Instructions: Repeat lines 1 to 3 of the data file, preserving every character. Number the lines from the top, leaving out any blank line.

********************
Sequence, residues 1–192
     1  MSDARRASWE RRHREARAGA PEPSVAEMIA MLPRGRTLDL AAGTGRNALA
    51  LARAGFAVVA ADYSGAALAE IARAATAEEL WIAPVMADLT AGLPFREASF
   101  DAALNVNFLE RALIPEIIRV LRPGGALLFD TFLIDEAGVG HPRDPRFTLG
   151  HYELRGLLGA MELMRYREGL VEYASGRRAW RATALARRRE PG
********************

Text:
Sequence, residues 1–192
     1  MSDARRASWE RRHREARAGA PEPSVAEMIA MLPRGRTLDL AAGTGRNALA
    51  LARAGFAVVA ADYSGAALAE IARAATAEEL WIAPVMADLT AGLPFREASF